Critical Language Scholarship Program | CLS Refresh Spotlight: Audrey…

CLS Refresh Spotlight: Audrey Petersen

Audrey Petersen has worked as a nurse for over a decade and currently serves as a French Linguist for the Florida National Guard. She is a 2010 and 2011 alumna of the CLS Bangla program in Dhaka, Bangladesh and recently participated in CLS Refresh at the American Institute of Indian Studies. In 2014, Audrey went back to Dhaka with the Bangladesh Health Project as a volunteer nursing instructor. Audrey hopes to one day return and use her language skills to continue to educate and empower nursing professionals. Communications Officer, Rori DiFiore recently sat down with Audrey to hear about her Bangla language journey and her future goals.

What sparked your interest in studying abroad?

I grew up in a small town in rural Ohio. My first introduction to study abroad was through my high school world studies teacher who led the AFS experience program in our community. She could tell how curious I was in class and encouraged me to attend their meetings to learn more. Through AFS, I had my first study abroad experience, a summer abroad in Panama. When I returned, I told my parents that we should host an exchange student. I had had such a great time and I wanted us to be able to do that for someone else. We ended up hosting multiple exchange students over the course of my high school years. Nadia, an exchange student we hosted from Paraguay, became best friends with my sister Amanda. She even named her daughter after her!

Audrey (second right) with mom, sister Amanda and exchange student Nadia after participating in a race in rural Ohio.

Why did you choose to study Bangla?

At the time I applied for CLS, I was a junior at George Mason University enrolled in a course on research writing. As a nursing major, I wanted to choose a topic that complimented my studies and ended up focusing on innovative treatments for diarrheal diseases. A lot of the research that was coming out on this topic was from the International Center for Diarrheal Disease Research (ICDDRB), which is based in Bangladesh. A professor who knew about my research told me about a scholarship program that would allow me to study in Bangladesh, it was called CLS!

Tell us about your time in Bangladesh as a volunteer nurse trainer.

During my CLS Program, we were encouraged to use our program off-days to connect with professionals in our field. I ended up meeting the head nurse at the ICDDR, the organization that had inspired my research. I learned from her about a nursing school in Uttra that hired volunteer instructors to run a nurse training program called the Bangladesh Health Project. In 2014, I returned to Bangladesh to serve as a nurse trainer. It’s an innovative and unique program because it is uncommon for nurses to receive bachelor's degree-level training in Bangladesh. After the program, nurses have the skills to work as front-line nurses, instructors, and leaders. One nurse I trained went on to work as a head nurse at a Rohingya refugee camp. Another became a charge nurse. I am not even a charge nurse in the U.S., and I’ve been working as a nurse for over ten years! I am happy a program like this exists to empower nurses in Bangladesh and give them the skills to serve their communities.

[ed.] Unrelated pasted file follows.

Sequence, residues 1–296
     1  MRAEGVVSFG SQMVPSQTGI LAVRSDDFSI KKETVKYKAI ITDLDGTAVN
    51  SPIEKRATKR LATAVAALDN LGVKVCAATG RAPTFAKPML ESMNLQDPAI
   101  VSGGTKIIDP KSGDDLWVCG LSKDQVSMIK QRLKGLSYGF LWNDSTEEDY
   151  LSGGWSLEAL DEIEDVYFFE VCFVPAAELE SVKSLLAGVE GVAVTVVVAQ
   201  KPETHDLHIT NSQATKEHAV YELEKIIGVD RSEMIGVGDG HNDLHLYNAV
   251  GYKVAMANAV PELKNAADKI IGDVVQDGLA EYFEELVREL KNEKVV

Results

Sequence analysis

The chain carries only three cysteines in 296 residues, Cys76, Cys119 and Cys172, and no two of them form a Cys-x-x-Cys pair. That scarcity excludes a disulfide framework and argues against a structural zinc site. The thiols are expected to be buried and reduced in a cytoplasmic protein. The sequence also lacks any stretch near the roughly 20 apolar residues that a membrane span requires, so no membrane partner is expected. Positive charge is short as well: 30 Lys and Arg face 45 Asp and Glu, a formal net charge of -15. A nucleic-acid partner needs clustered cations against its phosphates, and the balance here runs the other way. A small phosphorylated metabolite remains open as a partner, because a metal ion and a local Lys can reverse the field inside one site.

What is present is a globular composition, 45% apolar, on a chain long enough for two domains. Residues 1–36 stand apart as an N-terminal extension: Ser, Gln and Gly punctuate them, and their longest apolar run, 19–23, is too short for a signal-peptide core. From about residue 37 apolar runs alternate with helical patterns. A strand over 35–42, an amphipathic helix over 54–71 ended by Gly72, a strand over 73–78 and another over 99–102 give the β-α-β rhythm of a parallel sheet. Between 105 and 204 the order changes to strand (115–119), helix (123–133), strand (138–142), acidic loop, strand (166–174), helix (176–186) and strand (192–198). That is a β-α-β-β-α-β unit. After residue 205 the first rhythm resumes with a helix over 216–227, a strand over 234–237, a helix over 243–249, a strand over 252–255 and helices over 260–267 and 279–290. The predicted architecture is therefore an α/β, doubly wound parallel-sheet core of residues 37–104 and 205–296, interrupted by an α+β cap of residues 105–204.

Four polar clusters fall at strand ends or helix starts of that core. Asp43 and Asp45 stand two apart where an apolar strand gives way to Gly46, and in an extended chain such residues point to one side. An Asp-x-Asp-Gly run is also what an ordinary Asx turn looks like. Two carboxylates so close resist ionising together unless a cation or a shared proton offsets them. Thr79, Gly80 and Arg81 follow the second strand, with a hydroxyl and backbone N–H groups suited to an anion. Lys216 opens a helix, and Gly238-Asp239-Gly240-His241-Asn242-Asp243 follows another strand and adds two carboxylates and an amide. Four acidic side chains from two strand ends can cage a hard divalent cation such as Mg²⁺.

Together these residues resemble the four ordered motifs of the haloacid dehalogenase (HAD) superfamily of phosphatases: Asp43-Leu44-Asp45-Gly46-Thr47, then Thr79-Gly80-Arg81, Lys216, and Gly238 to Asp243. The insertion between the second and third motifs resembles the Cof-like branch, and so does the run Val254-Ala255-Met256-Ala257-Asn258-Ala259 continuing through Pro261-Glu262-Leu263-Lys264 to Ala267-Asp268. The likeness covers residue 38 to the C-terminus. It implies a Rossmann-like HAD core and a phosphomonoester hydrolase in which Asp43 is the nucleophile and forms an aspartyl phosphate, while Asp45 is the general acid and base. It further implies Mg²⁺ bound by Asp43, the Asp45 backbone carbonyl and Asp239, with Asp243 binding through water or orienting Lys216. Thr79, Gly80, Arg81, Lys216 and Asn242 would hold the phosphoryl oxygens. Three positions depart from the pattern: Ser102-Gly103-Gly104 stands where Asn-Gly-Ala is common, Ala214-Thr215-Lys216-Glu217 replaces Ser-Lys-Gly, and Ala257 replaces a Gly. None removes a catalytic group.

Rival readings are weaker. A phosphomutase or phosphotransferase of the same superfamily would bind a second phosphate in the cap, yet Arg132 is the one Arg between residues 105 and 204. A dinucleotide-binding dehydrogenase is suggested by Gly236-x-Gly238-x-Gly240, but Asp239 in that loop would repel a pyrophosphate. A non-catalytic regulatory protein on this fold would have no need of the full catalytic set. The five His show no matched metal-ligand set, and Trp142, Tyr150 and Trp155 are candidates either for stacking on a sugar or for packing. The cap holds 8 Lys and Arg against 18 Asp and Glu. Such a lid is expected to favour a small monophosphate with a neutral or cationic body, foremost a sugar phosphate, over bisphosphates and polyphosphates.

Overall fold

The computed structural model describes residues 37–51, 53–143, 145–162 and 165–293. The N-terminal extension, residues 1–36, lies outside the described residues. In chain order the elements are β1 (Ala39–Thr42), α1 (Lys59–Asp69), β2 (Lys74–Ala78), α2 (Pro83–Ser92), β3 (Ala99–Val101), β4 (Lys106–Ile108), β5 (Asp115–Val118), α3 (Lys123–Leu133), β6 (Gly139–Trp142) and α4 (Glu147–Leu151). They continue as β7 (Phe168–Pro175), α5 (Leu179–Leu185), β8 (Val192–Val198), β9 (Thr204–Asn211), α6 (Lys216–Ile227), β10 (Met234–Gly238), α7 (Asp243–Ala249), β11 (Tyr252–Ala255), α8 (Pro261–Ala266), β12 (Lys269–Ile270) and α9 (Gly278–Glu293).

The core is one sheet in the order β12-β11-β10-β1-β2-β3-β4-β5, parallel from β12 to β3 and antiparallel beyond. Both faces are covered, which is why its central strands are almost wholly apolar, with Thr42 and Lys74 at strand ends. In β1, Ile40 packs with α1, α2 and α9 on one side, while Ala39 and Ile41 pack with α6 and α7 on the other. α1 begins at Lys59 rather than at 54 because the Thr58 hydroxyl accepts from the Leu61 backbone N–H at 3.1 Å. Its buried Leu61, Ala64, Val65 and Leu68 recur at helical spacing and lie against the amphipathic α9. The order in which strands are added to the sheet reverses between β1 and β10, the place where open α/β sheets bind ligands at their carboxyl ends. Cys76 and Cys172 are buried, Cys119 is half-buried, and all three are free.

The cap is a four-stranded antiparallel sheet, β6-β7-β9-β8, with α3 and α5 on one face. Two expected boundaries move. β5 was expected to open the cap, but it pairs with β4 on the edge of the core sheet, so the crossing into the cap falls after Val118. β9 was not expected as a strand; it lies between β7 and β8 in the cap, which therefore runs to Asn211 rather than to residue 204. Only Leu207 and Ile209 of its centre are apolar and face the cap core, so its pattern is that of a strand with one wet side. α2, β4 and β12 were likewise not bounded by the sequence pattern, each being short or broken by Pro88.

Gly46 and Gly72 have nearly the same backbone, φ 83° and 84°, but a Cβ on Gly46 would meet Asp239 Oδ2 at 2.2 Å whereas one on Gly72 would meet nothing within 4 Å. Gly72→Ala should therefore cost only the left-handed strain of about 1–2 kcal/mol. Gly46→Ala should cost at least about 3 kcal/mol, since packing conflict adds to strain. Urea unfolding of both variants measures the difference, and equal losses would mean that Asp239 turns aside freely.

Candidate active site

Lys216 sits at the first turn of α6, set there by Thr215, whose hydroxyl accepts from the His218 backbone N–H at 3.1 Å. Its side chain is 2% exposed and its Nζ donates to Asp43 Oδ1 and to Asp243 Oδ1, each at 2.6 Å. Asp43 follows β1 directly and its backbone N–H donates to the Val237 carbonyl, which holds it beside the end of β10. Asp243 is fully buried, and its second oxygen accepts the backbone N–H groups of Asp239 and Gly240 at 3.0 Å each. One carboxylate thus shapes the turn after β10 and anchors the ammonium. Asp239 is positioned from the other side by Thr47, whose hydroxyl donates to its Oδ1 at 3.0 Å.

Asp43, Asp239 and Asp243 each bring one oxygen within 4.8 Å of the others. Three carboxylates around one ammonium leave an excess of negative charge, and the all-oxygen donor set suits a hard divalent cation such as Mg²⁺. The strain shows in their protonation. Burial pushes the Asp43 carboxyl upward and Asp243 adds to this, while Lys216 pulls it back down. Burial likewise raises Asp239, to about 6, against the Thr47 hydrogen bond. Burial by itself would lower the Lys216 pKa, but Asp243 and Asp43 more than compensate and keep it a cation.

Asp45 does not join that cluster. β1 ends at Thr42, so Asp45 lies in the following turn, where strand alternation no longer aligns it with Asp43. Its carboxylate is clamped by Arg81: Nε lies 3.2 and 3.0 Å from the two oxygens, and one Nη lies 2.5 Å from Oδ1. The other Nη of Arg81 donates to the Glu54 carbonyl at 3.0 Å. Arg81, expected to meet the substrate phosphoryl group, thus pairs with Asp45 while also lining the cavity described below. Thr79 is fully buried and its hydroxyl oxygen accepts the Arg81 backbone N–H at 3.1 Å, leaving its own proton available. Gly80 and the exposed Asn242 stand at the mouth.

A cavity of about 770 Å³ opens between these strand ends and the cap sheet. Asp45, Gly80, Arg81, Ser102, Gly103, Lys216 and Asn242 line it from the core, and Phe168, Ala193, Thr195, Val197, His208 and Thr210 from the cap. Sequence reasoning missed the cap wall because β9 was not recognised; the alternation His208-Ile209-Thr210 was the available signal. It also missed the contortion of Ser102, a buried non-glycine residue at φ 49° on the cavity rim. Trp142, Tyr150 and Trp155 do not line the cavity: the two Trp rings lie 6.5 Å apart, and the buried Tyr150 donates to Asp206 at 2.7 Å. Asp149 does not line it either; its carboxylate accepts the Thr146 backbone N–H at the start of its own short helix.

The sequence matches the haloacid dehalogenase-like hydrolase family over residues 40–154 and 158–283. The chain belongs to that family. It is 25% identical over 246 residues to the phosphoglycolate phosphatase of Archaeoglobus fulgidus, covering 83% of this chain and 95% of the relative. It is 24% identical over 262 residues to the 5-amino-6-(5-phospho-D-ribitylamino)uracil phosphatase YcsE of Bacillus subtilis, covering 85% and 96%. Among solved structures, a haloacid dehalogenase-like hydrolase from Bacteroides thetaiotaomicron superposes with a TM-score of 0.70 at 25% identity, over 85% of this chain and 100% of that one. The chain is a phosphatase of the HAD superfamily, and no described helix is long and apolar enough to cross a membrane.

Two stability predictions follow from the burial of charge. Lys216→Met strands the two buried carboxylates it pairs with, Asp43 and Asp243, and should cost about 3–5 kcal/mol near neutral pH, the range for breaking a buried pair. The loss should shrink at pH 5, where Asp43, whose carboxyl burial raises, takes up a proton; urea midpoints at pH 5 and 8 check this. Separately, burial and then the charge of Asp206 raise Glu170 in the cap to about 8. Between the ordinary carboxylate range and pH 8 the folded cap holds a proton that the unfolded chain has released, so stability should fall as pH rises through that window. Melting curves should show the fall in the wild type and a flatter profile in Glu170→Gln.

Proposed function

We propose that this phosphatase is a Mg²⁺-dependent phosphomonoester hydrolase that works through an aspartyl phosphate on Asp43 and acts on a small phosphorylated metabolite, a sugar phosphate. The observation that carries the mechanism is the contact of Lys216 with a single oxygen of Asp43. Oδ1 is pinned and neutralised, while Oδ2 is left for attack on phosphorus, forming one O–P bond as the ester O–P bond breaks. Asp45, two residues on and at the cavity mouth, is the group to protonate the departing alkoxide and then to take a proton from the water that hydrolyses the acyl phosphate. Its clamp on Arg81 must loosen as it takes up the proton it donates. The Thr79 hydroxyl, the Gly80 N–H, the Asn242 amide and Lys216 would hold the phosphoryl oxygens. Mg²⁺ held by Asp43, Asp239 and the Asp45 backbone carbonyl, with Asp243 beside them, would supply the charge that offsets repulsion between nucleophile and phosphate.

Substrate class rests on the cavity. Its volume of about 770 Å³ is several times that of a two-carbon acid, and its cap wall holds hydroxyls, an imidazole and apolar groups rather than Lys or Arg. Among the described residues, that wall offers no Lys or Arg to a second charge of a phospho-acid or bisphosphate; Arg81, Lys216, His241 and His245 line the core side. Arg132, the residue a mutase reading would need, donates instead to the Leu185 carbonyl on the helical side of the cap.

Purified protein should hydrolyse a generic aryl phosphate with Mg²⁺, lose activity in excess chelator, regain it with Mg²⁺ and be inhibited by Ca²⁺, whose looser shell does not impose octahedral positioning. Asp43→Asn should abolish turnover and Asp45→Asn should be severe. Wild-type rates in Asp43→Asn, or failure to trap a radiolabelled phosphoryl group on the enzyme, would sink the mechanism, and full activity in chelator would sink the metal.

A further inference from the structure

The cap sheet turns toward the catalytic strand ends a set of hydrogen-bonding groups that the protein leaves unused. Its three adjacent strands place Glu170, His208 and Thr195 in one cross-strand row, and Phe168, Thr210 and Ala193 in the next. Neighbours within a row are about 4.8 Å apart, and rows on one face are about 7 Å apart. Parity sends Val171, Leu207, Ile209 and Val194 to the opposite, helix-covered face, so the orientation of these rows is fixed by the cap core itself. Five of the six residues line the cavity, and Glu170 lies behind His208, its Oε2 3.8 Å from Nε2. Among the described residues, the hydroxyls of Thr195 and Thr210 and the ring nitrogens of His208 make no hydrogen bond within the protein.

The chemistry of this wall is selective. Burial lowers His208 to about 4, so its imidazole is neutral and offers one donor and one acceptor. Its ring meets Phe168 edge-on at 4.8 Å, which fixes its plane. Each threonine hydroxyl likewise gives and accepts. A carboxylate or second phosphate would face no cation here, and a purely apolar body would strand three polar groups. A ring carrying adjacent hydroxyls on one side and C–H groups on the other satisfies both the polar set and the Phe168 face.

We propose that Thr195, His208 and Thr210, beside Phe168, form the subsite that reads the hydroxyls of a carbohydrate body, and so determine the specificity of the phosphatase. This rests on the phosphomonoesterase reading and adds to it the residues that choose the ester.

Audrey instructing a classroom of nurses in Bangladesh.

How have your CLS experiences impacted you personally?

Not only did my CLS experience impact me, but I think it impacted my whole family. My younger sister, Amanda, has gone on to participate in CLS Arabic and has used her Arabic skills to connect with students as a City Year Volunteer and Program Leader with World Learning. She is also a CLS Refresh participant!

My mom has been involved in our community’s Red Cross for several years. Earlier this year, the Red Cross was enlisting volunteers to help welcome and distribute supplies to Afghan refugees. She had brought some of the scarves that my sister and I had collected from our CLS programs in Bangladesh and Morocco. She wore one as a sign of respect. She noticed that many of the women only had the clothes on their backs. By the end of the event, my mom had given away all our scarves. Reflecting on it, it was a full circle moment. My sister and I participated in CLS to learn about other countries and cultures and the scarves were a reminder of that. Now, we had the chance to give these women back a piece of their home culture while welcoming them to our country.

What have you enjoyed most about CLS Refresh?

Every session is one-on-one and individually tailored to your goals. At the end of each session, I can brainstorm what topic I want to cover next. My first two CLS Programs took place in Bangladesh and my CLS Refresh program takes place virtually at American Institute of International Studies in India. The way Bangla is spoken in India has subtle differences from how it is spoken in Bangladesh, so I’ve enjoyed working through them with my instructor. One thing I also love is that there are distinct sounds of South Asia that I get to hear in the background like the CNG horns from the street outside. It takes me right back to my time in Bangladesh.

Posted Date

January 03, 2022

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